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Prone versus supine position for adjuvant breast radiotherapy: a prospective study in patients with pendulous breasts
Radiation Oncology volume 8, Article number: 232 (2013)
To analyze dosimetric parameters of patients receiving adjuvant breast radiotherapy (RT) in the prone versus supine position.
Methods and materials
Forty-one out of 55 patients with pendulous breasts and candidates for adjuvant RT were enrolled in the study after informed consent. They underwent computed tomography (CT)-simulation in both prone and supine position. Target and non target volumes were outlined on CT images. Prescribed dose was 50 Gy delivered by two tangential photon fields followed by 10 Gy electron boost. Target coverage and dose homogeneity to clinical target volume (CTV) and planning target volume (PTV) were assessed by V95, V105 and V107 and dose to lung, heart and left anterior descending coronary artery (LAD) by V5, V10, V20, and mean and maximum dose. Data were analyzed by Student’s t-test.
CTV and PTV coverage was significantly better in supine than in prone position. Lung V5, V10, and V20 were significantly lower in prone than in supine position. Heart V5, V10, V20, and LAD mean and maximum dose, in the 17 patients with left breast tumor, were lower in prone than in supine position, but without statistical significance. Based on treatment planning data and on treatment feasibility, 29/41 patients (70.7%) were treated in prone position. Acute and late toxicities of patients treated in prone and in supine position were not statistically different.
Prone position is a favorable alternative for irradiation of mammary gland in patients with pendulous breasts and in our series was adopted in 71% of the cases.
The majority of patients with early-stage breast cancer are candidates for breast-conservation therapy followed by whole-breast irradiation (WBI), typically delivered in the supine position. However, supine WBI does have limitations such as lateral dislocation of breast, accentuation of the infra-mammary folds, and inclusion of lung and heart portion in treatment plan. In particular, irradiation after breast-conserving surgery (BCS) in women with large and/or pendulous breasts is a challenge for radiation oncologists. Increased radiation related toxicity and worse cosmetic outcome was found in patients with large breasts and/or increased body mass index (BMI). Radiation factors identified as potentially causative include increased dose inhomogeneity from medial to lateral separation of the breast and bolus effect on skin, in the infra-mammary folds, where there is increased skin-on-skin contact. In addition, patients may receive increased doses to critical structures such as the heart or lungs owing to the positioning of the breast on the chest wall when the patient lies supine. Prone breast irradiation aims to improve some of the technical limitations associated with treating large and pendulous breasts and it may limit radiation doses to organs at risk such as lung and heart[2–4].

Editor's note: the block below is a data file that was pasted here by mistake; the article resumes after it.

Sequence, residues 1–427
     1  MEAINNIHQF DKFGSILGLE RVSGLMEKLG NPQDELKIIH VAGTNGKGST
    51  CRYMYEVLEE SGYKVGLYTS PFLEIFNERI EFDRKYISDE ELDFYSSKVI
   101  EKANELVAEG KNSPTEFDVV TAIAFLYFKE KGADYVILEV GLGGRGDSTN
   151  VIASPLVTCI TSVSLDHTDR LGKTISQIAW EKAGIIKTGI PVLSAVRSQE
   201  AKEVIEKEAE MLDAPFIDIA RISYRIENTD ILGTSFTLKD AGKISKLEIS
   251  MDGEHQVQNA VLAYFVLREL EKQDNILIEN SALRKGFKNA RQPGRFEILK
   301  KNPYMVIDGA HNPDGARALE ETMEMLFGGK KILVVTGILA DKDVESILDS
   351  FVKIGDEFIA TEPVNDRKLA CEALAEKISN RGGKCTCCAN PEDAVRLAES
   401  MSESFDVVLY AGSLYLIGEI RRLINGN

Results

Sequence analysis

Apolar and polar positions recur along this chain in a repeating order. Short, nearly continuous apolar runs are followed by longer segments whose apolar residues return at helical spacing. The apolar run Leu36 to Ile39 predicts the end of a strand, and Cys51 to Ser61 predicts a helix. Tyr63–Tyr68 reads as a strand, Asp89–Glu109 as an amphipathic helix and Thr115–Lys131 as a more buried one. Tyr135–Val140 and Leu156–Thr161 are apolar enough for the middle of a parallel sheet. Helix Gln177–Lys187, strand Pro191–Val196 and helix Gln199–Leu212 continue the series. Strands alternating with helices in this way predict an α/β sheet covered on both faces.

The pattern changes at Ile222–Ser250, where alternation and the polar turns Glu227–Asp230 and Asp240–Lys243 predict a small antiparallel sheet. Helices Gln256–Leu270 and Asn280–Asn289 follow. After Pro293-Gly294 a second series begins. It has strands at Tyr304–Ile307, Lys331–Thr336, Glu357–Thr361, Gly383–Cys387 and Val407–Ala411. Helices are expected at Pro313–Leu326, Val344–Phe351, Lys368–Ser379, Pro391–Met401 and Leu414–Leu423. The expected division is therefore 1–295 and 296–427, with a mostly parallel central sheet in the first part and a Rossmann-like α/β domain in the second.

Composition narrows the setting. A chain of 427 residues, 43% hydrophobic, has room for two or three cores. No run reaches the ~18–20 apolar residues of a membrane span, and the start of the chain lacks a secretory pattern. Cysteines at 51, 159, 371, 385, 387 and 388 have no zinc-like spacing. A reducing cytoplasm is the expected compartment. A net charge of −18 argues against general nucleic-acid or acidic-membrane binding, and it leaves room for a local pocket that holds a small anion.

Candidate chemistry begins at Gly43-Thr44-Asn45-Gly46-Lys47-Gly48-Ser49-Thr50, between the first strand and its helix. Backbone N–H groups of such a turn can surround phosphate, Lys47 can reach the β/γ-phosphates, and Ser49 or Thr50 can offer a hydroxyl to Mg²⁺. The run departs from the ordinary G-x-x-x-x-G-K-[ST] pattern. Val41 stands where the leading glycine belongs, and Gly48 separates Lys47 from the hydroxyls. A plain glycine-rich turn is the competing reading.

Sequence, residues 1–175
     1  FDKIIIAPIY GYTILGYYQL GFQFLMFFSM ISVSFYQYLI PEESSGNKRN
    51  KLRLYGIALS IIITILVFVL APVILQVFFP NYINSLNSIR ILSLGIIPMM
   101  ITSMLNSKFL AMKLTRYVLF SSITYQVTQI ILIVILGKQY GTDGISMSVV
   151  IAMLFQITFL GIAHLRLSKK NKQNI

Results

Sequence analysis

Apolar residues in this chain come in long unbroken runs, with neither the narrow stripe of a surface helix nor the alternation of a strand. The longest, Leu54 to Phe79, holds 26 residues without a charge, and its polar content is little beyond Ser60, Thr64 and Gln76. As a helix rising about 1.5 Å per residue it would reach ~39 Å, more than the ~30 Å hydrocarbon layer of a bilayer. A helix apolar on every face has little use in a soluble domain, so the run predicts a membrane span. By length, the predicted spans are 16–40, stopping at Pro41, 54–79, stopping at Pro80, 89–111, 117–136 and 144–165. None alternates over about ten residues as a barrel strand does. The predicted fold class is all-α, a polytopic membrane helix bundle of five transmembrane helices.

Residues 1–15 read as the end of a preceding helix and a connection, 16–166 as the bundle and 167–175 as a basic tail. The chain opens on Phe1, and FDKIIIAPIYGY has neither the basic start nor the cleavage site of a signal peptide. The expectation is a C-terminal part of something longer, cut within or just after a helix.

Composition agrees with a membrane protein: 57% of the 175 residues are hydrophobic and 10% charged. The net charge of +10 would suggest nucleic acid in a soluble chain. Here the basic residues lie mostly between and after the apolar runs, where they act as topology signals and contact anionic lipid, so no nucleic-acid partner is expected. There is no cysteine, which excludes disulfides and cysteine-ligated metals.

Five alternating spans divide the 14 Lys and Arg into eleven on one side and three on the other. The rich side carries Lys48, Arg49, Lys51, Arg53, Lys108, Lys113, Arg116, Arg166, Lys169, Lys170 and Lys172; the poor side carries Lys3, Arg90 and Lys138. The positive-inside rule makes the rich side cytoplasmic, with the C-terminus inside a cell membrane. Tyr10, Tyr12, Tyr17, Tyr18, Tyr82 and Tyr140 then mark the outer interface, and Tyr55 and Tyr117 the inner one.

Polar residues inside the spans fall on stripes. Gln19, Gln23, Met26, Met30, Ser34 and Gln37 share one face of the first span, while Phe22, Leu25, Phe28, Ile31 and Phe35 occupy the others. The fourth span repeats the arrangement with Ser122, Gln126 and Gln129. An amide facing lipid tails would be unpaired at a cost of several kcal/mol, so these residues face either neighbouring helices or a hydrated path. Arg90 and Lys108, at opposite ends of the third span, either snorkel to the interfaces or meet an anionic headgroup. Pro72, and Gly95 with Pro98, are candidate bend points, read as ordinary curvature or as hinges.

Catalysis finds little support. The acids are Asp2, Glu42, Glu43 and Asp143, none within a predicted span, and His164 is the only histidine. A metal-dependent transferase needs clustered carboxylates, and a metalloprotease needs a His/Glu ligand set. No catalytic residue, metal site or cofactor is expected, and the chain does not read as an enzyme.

Our institution developed a method for delivering breast three dimensional conformal radiotherapy (3D-CRT) in the prone position to address the technical challenges associated with irradiation of large and pendulous breasts. The goal of this study is to compare dosimetric parameters in prone versus supine position in a cohort of women with pendulous breasts receiving WBI with two tangential fields after conservative surgery.